Obama’s Good Tax Proposal
Tuesday, October 18, 2011
One White House proposal deserves to be considered by policy makers in both parties who are looking for ways to improve the tax code.
Last month, President Obama put forward a re-tooled version of his longstanding proposal to limit tax preferences for high-income households, presenting it as a way to help pay for his jobs plan. Although his proposal is not perfect, it deserves serious consideration as a way to narrow some of the economic distortions created by today’s tax code.
At incomes above $200,000 ($250,000 for couples), the president’s proposal would limit the tax savings from certain tax deductions and exclusions to 28 percent of the deducted or excluded amount. Under the current tax system, the percentage savings can be higher, depending on the taxpayer’s bracket. For example, a taxpayer in the 35 percent top bracket now saves $35,000 on her taxes by claiming $100,000 of itemized deductions, as she has $100,000 less taxable income on which to pay the 35 percent tax. The proposal would limit her tax savings to $28,000, effectively taking back one-fifth of the deductions.
The original version of the proposal would have limited only the tax savings from itemized deductions, such as mortgage interest, state and local taxes, and charitable contributions. Last month, though, President Obama moved away from this artificially narrow focus by expanding the proposal to cover the tax exclusions for employer-provided health insurance and municipal bond interest.
Limits on tax preferences have one key advantage over rate hikes—they curb the distortions produced by the tax code.
One thing hasn’t changed—the proposal is still restricted to the richest 2 or 3 percent of the population. President Obama’s exclusive focus on taxing that group can be questioned on a number of grounds. Still, the ultimate resolution of the fiscal imbalance is likely to include some kind of high-income tax increase. It’s imperative that any such tax increase be designed in a way that does as little economic damage as possible. By that standard, it’s better to limit tax preferences, as this proposal does, than to hike official tax rates.
That’s not because limiting tax preferences does less to impair incentives to work and save—far from it. Because a portion of each additional dollar earned from work or saving is spent on tax-preferred items, limiting the tax savings on those items increases the net tax on earning the dollar, just as an explicit tax rate hike would do.
But limits on tax preferences do have one key advantage over rate hikes—they curb the distortions produced by the tax code. The preferences built into today’s tax system tilt the economic playing field, giving people artificial incentives to change their behavior. For example, the tax system rewards people for receiving employer-provided health insurance rather than cash wages and for investing in owner-occupied homes rather than in business capital. Just like government spending programs, these provisions divert economic resources away from where market forces would direct them. The president’s proposal would reduce a wide range of these distortions in one fell swoop.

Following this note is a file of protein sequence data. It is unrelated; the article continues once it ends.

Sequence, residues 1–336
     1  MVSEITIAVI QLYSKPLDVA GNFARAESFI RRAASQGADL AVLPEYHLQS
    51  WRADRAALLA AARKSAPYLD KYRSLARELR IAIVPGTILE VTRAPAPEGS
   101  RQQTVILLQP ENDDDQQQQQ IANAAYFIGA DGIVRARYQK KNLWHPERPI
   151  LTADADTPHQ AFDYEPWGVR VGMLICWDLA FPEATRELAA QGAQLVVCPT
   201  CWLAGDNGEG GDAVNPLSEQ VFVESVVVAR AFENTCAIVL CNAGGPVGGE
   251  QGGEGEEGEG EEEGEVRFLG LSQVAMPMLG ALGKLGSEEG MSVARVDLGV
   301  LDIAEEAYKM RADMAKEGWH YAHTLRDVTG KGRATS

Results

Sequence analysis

It’s imperative that any tax increase be designed in a way that does as little economic damage as possible. By that standard, it’s better to limit tax preferences than to hike official tax rates.
And because of the way tax preferences work, the proposal’s focus on high-income households actually makes sense. These preferences give the biggest percentage savings to those in the top brackets, the very taxpayers for whom the provisions are least likely to promote valid social goals. It may be good tax policy to encourage low-paid workers to get health insurance, but it’s not good tax policy to move high-paid workers into Cadillac health plans that help drive up medical costs. Maybe the tax system should encourage moderate-income families to become homeowners, but it shouldn’t encourage high-income homeowners to buy bigger and more expensive houses. Yet, the current tax breaks for insurance and housing give the biggest percentage incentives to those at the top, simply because they are in the highest brackets. A 28 percent cap on the tax savings in those brackets is one way to target the biggest and least defensible distortions.
The proposal is hardly perfect. Some transitional issues may need to be worked out and further changes to the list of covered tax preferences may be desirable. The proposal does not go as far as it might—some reform plans take the bolder step of transforming deductions and exclusions into tax credits that provide uniform savings of 12 or 15 percent in all brackets. And, the proposal does nothing to move the tax system toward consumption taxation. Also, at this point, President Obama appears to view limits on tax preferences as a companion to tax rate increases rather than as a substitute for them, although he has alluded to the possibility of rate-reducing tax reform down the road.
Despite its flaws, the president’s proposal would limit the tax system’s interference in the economy. It deserves to be considered by policy makers in both parties who are looking for ways to improve the tax code.
Alan D. Viard is a resident scholar at the American Enterprise Institute.
FURTHER READING: Viard also writes “The Chained CPI: A Path to Bipartisan Deficit Reduction,” “Do Taxes Narrow the Wealth Gap?” “A Debt Opportunity Deferred, Not Entirely Lost,” and “Should Groceries Be Exempt from Sales Tax?”
Image by Rob Green | Bergman Group